The Rocky Mountains, Niagara Falls, Banff National Park — there’s no shortage of beloved tourist destinations in Canada. But most of us miss out on some of the best our neighbor to the north has to offer, simply because we’d never think to put “beach vacation” and “Canada” in the same sentence. That’s why, just in time for that last quick getaway of summer, we’ve made a list of the most stunning Canadian beaches you’ve never heard of. Who knew sun, sand, and surf could be so majestic?
1. Wasaga Beach, Ontario
Where to stay: Hollywood Cottages
Wasaga Beach is a town in Ontario that also boasts the world’s longest freshwater beach, running nearly nine miles along the Georgian Bay. The town hosts outdoor events at the brand-new Main Street Market, which, like the adorable Hollywood Cottages, is a stone’s throw from the water. When you want a break from sunbathing, you can stroll over to the market to shop and grab a gelato, some BBQ, or a beer. On Wednesdays, they have outdoor movie nights, and on weekends, there’s live music. Fun fact for bird lovers: Wasaga Beach is a migratory destination for the endangered bird species, the Piping Plover.
2. Bennett Lake, Yukon
Where to stay: Northern Lights Resort and Spa
This small, white-sand beach near Whitehorse, YK is uniquely positioned to give beach-goers water warm enough to swim in while simultaneously offering a gorgeous view of snow-capped mountains. Bennett Lake and the surrounding community of Carcross (originally known as Caribou Crossing), are hotspots for history buffs, due to their importance in the Klondike Gold Rush. At Bennett Lake, Gold-Rushers built or purchased rafts to transport their goods down the Yukon River to Dawson City’s gold fields. The three prospectors who started the Rush are buried in Carcross. As a bonus to the beautiful beach and historical significance, you can visit the Guinness World Record-holding Carcross Desert less than two miles away. It’s actually the world’s smallest desert. A note on the Northern Lights Resort and Spa: A stunning place to lodge year-round, if you decide to come back in the winter, the resort offers Aurora Borealis packages to make for the trip of a lifetime.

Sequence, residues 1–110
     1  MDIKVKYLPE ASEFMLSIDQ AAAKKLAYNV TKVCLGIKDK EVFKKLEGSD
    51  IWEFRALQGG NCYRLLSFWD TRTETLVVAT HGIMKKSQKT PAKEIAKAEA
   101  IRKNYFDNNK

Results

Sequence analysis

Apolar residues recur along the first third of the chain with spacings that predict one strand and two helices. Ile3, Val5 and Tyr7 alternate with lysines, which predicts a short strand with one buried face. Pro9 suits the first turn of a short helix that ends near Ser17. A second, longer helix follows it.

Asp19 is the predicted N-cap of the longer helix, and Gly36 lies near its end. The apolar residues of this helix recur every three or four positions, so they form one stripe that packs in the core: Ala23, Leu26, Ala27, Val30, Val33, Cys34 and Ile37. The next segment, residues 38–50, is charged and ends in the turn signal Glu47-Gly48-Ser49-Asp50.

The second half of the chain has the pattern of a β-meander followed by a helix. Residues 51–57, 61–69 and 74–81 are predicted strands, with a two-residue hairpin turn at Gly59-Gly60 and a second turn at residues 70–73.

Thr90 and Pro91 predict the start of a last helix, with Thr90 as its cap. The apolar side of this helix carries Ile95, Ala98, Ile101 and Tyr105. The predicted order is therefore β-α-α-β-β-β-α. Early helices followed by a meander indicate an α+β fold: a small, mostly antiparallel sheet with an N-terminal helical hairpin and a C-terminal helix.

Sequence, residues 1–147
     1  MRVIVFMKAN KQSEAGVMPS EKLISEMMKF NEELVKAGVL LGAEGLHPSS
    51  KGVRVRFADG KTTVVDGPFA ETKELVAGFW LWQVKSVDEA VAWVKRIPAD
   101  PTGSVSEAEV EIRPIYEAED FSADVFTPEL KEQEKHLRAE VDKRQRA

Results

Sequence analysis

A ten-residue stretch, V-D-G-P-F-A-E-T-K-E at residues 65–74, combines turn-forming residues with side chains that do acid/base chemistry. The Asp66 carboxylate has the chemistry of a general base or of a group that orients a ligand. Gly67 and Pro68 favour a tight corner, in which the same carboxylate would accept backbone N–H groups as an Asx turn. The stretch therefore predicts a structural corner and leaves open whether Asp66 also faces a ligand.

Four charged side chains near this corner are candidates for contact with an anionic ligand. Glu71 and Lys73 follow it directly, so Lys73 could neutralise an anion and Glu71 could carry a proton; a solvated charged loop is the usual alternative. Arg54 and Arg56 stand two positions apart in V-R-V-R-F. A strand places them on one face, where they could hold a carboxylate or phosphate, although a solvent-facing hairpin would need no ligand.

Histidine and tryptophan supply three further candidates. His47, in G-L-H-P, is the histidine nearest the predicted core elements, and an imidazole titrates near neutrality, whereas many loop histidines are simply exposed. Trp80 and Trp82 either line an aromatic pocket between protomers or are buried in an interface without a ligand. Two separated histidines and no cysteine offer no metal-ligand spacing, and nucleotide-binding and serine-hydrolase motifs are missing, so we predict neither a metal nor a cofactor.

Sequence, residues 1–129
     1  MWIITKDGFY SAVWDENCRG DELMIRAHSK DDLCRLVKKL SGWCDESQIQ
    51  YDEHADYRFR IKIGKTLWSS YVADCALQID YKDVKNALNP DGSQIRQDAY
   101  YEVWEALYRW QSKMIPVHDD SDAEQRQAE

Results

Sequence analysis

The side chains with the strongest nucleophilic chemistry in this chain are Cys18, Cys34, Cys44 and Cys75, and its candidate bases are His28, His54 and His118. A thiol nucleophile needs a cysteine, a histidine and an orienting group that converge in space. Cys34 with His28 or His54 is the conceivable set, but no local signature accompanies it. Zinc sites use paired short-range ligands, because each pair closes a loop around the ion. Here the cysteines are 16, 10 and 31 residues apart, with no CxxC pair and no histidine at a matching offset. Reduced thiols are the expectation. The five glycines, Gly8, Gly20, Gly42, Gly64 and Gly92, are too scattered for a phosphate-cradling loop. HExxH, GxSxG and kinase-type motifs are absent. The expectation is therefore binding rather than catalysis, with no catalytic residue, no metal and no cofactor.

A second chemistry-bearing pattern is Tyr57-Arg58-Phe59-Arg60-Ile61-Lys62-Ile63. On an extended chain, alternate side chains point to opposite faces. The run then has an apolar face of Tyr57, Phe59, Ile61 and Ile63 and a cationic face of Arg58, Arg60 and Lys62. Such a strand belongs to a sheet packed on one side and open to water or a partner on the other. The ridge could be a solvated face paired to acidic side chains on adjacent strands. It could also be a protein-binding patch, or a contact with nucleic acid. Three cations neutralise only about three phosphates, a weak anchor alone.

3. Singing Sands, Basin Head Provincial Park, P.E.I.
Where to stay: McLean House Inn
“Singing Sands” isn’t some poetic metaphor. It’s a literal description of what makes Basin Head Beach so magical. When you walk along the sandy edge of Prince Edward Islands, the beach seems to sing. (Nope, we’re not kidding.) It’s a phenomenon scientists haven’t been able to explain, and makes Singing Sands one of P.E.I.’s most popular beaches. Part of Basin Head Provincial Park, the beach is supervised during the day, and has the added conveniences of on-site bathrooms and showers, a play area for kids, and food on site. If you want to expand your beach getaway into a nature-lover’s dream vacation, look into the Points East Coastal Drive, which stops at Basin Head, along with several historic lighthouses, the 1732 settlement Roma at Three National Historic site, and much more.
4. Ingonish Beach, Cape Breton Island, Nova Scotia
Where to stay: Castle Rock Country Inn
Between the warm, balmy temperature of the water and the chance to swim in both fresh and saltwater, Ingonish Beach is a must-see for any Nova-Scotian visitor. A natural barrier at Ingonish separates the Atlantic’s ocean waters from the river water that trickles into the aptly named Freshwater Lake. In addition to the unique beach-and-lake combo, Cape Breton offers whale-watching tours, scenic cruises, sea kayaking, and mountain biking, Castle Rock Country Inn is centrally located, which makes navigated these activities a breeze. The boutique inn also happens to overlook the beautiful Middle Head Peninsula, the Atlantic Ocean, and the Cape Breton Highlands, for a truly incomparable vista.